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new suggestion on handles

updated wed 3 jan 01


will edwards on tue 2 jan 01


Lets look at some alchemy ideas. Why couldn't we use the SiO2 we have on =
and baking soda and add enough water to make a thin fluid mixture for
attaching handles or any other attachments.
High sodium plus SiO2 is glass when heated it melts and anything that has=
attached to it will bond to its self.
Soda ash and sodium are soda silicate when heated.
NA2O(SIO2)X (H2O)Y =

Below is the definition for it:

An alkaline salt, prepared by calcining diatomaceous earth. quartz, or sa=
with sodium hydroxide or sodium carbonate. The salt consists of varying
proportions of sodium oxide and silica. such as Na2SiO3. It is used in th=
manufacture of paper for improving physical tests, increasing the retenti=
on of
fine particles, and pH control. In this final use, it provides another me=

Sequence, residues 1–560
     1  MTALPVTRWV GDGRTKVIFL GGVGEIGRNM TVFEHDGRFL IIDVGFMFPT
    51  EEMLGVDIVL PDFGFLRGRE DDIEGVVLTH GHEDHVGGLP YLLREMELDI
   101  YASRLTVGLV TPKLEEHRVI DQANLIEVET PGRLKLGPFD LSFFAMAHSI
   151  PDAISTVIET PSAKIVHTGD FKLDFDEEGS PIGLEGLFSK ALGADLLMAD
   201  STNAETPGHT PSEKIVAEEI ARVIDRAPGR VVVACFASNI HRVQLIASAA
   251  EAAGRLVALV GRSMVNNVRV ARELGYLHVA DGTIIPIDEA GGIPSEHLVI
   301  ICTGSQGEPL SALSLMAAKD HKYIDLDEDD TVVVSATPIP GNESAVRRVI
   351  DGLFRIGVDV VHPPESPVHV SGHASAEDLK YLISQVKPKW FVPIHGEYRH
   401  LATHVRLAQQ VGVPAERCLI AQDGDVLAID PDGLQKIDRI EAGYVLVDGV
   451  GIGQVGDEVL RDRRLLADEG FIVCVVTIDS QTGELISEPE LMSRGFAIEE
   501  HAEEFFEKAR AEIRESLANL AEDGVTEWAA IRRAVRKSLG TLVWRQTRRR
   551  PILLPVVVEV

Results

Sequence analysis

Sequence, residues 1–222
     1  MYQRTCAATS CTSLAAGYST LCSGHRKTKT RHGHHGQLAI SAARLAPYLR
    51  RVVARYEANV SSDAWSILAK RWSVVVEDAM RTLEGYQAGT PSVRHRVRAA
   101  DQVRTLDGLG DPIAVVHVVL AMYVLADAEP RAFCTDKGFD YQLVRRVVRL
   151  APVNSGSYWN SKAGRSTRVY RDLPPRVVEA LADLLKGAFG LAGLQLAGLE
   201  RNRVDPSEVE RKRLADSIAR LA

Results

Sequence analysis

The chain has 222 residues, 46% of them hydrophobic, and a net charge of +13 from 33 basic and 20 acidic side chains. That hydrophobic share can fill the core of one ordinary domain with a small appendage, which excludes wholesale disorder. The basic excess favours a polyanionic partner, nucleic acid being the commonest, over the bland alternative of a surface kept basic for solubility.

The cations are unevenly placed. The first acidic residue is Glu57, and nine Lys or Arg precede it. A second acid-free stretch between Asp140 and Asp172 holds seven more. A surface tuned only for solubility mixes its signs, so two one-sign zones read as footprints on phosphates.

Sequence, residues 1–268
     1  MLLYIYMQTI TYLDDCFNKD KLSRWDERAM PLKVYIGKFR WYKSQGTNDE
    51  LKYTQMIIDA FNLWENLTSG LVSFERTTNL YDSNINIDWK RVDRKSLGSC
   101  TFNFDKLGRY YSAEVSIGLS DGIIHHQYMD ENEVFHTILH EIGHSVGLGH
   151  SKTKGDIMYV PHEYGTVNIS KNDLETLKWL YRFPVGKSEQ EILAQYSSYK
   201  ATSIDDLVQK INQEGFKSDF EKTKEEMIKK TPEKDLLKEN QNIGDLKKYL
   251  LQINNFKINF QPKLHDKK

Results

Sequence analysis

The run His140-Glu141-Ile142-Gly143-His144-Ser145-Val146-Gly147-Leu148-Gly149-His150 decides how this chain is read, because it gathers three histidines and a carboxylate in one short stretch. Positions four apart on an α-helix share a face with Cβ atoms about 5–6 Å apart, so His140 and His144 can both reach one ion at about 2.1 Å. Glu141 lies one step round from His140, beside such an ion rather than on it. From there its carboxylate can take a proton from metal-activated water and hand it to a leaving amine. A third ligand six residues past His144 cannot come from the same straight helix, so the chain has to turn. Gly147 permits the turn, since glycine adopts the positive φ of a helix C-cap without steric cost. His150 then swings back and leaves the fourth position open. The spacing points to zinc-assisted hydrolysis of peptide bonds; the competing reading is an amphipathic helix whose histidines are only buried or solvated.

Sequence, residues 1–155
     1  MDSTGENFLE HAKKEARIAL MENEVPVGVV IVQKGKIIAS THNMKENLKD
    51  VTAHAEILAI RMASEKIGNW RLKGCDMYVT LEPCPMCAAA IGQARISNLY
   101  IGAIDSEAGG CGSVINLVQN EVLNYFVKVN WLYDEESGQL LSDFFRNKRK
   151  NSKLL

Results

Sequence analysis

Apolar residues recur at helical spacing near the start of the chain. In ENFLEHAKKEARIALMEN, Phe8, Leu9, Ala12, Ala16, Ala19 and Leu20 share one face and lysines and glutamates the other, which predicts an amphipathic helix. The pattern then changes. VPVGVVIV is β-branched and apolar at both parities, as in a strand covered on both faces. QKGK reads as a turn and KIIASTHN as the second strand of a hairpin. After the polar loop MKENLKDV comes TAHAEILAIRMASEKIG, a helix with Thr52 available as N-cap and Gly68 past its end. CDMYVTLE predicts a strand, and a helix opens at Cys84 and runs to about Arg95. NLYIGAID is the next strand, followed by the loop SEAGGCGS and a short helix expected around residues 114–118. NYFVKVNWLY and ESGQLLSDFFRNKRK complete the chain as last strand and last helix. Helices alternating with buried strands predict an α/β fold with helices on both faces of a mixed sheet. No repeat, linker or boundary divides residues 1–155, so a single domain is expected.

of increasing alumina in the stock preparation system. one that is
accomplished by raising the pH value of the stock, thereby forcing the us=
e of
additional alum to lower the pH. Also called "water glass." =

The SiO2 we use is already prepared and of course the closest form of Sod=
is easily bought at the store as baking soda. alum from alumina is presen=
t in
the clay so the forces of reaction are all in place for bonding.

Misinformation has ways of multiplying so keep in mind I made this up and=
not tested this nor recommend it. I will test it since I took some time t=
work it out on paper and burned some more brain cells. Also as with anyth=
ing I
say use caution and don't get this in your eyes. It is used in detergents=
its commercial phase.

My starting formula:
1 part SiO2 (flint)
2 Parts Soda (Baking Soda)
1 part Clay body (or no clay) Maybe bentonite?

William Edwards
Alchemy - Sticking with the business of dirt. It doesn't mean that I may =
blow some handles off a mug every once in awhile however!

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